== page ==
DEPRESSION
December 11, 2017

Smartphones and Suicide

Teens who spend more time on their phones are more likely to be depressed, even suicidal.

Teenagers are spending more and more time on their phones these days. In fact, smartphones have been around long enough now that tweens and teens may not even remember life without them. Unfortunately, growing up on an iPhone may not be very good for mental health.

A new study looked at the rates of depression, suicidal thoughts and suicide risk among teens over a five-year period. Between 2010 and 2015, the CDC had noted a rise in suicide — by about 30% — for people between the ages of 13 and 18, and the new study wanted to understand what might have driven that disturbing increase.

“Parents should try to make non-screen activities as attractive as possible... It is fun to hang out with your friends or play basketball. Just remind kids those things are available, and they're just as fun as trading texts.”

The team, from San Diego State University and Florida State University, examined various trends in those same years, regarding economics, academic pressure and, of course, screen time, and attempted to correlate whether the variables might be related.

The only significant correlation was between cell phone use and suicide. Teens who spent more time looking at their screens were also more likely to be depressed. In contrast, teens who reported spending more time doing sports, working on homework, hanging out with friends in real life, reading print media and going to church tended to be happier.

Another disturbing finding was that the rise in suicidal thoughts and depression was largely driven by teenage girls — their suicide rate rose 65 percent. Teenage girls with severe depression increased by 58 percent. Even suicidality — feeling hopeless, thinking about suicide or attempting it — rose 14 percent. It’s not clear why this is, but it may reflect a fundamental difference in what teenage boys and girls are thinking about when they’re on their phones.

Not surprisingly, kids who used their phones the most had the highest risks. Almost half of those who were on their phones for five or more hours per day had suicidal thoughts. About 28% of teens who were on their phone an hour per day had suicidal thoughts — a little better, but still too high.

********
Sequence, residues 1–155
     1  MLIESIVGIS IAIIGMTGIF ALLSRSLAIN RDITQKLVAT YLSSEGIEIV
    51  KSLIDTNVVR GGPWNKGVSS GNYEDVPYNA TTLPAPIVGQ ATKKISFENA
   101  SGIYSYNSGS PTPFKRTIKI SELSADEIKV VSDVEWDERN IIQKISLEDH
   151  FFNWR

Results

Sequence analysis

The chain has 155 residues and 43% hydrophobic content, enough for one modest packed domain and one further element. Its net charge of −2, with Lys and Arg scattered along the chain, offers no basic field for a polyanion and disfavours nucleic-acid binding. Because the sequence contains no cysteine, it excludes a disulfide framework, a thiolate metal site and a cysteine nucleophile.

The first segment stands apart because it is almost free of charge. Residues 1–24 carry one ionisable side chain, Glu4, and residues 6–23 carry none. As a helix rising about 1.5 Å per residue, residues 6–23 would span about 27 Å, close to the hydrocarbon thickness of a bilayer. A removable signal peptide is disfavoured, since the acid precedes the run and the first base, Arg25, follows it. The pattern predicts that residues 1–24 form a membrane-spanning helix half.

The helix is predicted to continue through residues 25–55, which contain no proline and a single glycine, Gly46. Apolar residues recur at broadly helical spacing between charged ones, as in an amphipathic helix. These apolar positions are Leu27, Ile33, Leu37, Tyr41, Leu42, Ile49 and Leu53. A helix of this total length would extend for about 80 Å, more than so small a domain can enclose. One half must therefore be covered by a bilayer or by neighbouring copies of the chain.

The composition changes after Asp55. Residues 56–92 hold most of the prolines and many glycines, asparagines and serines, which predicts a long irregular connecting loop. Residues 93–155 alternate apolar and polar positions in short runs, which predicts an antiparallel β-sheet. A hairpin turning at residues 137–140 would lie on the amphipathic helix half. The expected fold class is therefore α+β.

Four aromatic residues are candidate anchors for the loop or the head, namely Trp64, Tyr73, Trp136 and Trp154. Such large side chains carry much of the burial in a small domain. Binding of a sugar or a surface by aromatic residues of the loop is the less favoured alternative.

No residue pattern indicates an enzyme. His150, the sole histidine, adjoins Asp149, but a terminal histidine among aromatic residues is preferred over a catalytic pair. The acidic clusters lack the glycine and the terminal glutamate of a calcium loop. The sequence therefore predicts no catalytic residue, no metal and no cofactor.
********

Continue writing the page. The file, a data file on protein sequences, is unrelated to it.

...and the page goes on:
Researcher Jean Twenge, author of the book, iGen: Why Today's Super-Connected Kids Are Growing Up Less Rebellious, More Tolerant, Less Happy — and Completely Unprepared for Adulthood, and her team did not find links between depression or suicide and other variables, like school pressure and homework or family financial stress. Rising screen time was the variable that had the strongest connection to depression and suicide risk. Although the study was just a correlation, the results reflect an undeniable trend in the last few years — that smartphones have become almost ubiquitous. And this is certainly not the first study to find a link between phones and poorer mental health.

Since smartphones aren’t going anywhere, it’s important to teach your kids about the benefits of limiting their use — and talk with them about the increasing number of mental health issues that seem to be associated with them.

“It's totally unrealistic and probably not even good to think kids will stop using screens,” said co-author, Thomas Joiner, in a statement. “It comes down to moderation. Parents should try to make non-screen activities as attractive as possible because a lot of them are attractive. It is fun to hang out with your friends or play basketball. Just remind kids those things are available, and they're just as fun as trading texts. That's the bottom line.”

The study is published in Clinical Psychological Science.

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